I do not know an exact reference. I think it is a folklore. Here is a proof using basic properties of hyperbolic groups which can be found in any book on hyperbolic groups. Let $G$ be solvable and hyperbolic.
Then it has an Abelian normal subgroup $H$, the last nontrivial member of the derived series. If $H$ is finite, then $G/H$ is quasi-isometric to $G$, so it is hyperbolic and we can proceed by induction on the solvability class. So $H$ is infinite. It cannot contain an infinite locally finite subgroup because all finite subgroups of a hyperbolic group have uniformly bounded orders. $H$ cannot contain a subgroup isomorphic to $\mathbb Z^2$ because $G$ is hyperbolic. Hence $H$ is virtually cyclic and contains a characteristic infinite cyclic subgroup $H_0$. Then $H_0$ is normal in $G$. So $G$ has a homomorphism into $Out(\mathbb Z)$ which is a group of order 2. Hence $G$ has a subgroup $N$ of index at most 2 which centralizes $H_0$. A centralizer of an infinite cyclic subgroup in a hyperbolic group is virtually cyclic. Hence $G$ is virtually cyclic.

PS. I was talking about Gromov hyperbolic, hence finitely generated discrete groups. The (solvable) group of $2 \times 2 $ upper triangular matrices with determinant 1, with Riemannian metric is quasi-isometric to the hyperbolic plane, hence is hyperbolic itself.

PPS. Another proof is based on Druţu, Cornelia; Sapir, Mark Tree-graded spaces and asymptotic cones of groups. With an appendix by Denis Osin and Mark Sapir. Topology 44 (2005), no. 5. If $G$ is solvable, it satisfies a non-trivial law. Hence if $G$ is finitely generated but not virtually cyclic, its asymptotic cones do not contain cut points. But if $G$ is hyperbolic then all asymptotic cones are trees where every point is a cut-point. Hence $G$ is virtually cyclic.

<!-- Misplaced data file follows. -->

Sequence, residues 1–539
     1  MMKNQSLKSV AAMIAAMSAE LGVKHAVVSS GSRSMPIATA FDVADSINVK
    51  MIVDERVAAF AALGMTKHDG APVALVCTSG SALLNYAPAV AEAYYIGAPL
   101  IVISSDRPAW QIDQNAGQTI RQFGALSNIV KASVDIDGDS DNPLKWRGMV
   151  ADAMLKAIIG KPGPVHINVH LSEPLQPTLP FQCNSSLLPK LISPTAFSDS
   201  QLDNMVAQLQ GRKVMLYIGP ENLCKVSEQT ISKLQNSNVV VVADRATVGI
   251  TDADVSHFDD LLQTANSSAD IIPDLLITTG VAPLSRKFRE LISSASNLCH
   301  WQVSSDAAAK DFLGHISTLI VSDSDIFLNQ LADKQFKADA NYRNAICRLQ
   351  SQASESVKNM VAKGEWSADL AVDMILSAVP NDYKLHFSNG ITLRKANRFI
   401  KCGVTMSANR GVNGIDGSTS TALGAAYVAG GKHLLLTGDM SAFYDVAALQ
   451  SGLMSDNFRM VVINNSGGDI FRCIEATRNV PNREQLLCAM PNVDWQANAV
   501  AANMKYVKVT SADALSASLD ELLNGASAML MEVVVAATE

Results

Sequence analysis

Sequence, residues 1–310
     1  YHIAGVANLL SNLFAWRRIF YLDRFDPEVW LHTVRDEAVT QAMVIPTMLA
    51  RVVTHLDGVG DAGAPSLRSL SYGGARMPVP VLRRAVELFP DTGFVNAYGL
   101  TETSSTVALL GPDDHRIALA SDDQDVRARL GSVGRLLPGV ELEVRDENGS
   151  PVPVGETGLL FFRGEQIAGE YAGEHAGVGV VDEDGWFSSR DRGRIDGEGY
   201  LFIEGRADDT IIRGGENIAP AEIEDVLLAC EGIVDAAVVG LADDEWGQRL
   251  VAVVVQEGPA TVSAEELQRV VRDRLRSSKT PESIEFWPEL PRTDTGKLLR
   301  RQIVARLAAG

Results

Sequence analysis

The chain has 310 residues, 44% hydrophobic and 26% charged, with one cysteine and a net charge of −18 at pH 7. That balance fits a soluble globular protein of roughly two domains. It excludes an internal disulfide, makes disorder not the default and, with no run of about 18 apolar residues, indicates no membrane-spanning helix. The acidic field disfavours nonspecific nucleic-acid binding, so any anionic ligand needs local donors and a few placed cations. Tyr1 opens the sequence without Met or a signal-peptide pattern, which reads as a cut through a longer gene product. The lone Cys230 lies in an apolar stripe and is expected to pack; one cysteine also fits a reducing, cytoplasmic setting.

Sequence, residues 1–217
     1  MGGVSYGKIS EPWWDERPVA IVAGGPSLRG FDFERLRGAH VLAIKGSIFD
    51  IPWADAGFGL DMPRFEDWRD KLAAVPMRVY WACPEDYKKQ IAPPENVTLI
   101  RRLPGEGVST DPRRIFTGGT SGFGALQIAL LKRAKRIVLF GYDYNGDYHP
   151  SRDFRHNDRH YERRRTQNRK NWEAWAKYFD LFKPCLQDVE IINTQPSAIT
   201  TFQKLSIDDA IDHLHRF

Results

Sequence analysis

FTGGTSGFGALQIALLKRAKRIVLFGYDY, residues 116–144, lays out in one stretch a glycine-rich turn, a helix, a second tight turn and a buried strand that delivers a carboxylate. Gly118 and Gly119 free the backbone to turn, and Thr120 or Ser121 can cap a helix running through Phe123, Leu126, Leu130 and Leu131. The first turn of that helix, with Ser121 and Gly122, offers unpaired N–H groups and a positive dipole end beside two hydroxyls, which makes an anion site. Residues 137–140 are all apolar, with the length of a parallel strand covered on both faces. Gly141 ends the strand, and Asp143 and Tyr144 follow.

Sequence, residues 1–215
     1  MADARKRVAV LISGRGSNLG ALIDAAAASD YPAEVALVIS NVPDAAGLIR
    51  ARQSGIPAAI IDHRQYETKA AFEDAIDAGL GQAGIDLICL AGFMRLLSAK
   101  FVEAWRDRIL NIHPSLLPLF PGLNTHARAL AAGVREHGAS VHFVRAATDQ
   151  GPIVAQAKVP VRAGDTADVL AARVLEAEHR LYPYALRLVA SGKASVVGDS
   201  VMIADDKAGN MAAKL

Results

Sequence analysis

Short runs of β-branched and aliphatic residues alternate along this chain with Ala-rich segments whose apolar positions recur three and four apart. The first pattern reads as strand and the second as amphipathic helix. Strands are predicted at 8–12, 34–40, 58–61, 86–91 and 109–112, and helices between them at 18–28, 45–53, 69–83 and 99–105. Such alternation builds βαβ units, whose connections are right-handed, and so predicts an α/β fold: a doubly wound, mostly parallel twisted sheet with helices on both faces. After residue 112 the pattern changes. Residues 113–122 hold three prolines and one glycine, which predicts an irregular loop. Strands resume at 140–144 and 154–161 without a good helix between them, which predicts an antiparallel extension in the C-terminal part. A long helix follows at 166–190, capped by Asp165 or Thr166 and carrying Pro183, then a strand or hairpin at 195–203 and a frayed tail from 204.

This proof is of course an overkill, but it works for every group satisfying a non-trivial law, not just solvable groups.
Also "hyperbolic " can be replaced by "relatively hyperbolic", "acylindrically hyperbolic" and even by "lacunary hyperbolic".

PPPS Of course the easiest proof is using the fact that every nonelementary hyperbolic group contains a noncyclic free subgroup (a solvable group cannot contain such a subgroup). I do not remember who proved it first. Gromov, probably. Maybe Olshanskiy or Delzant.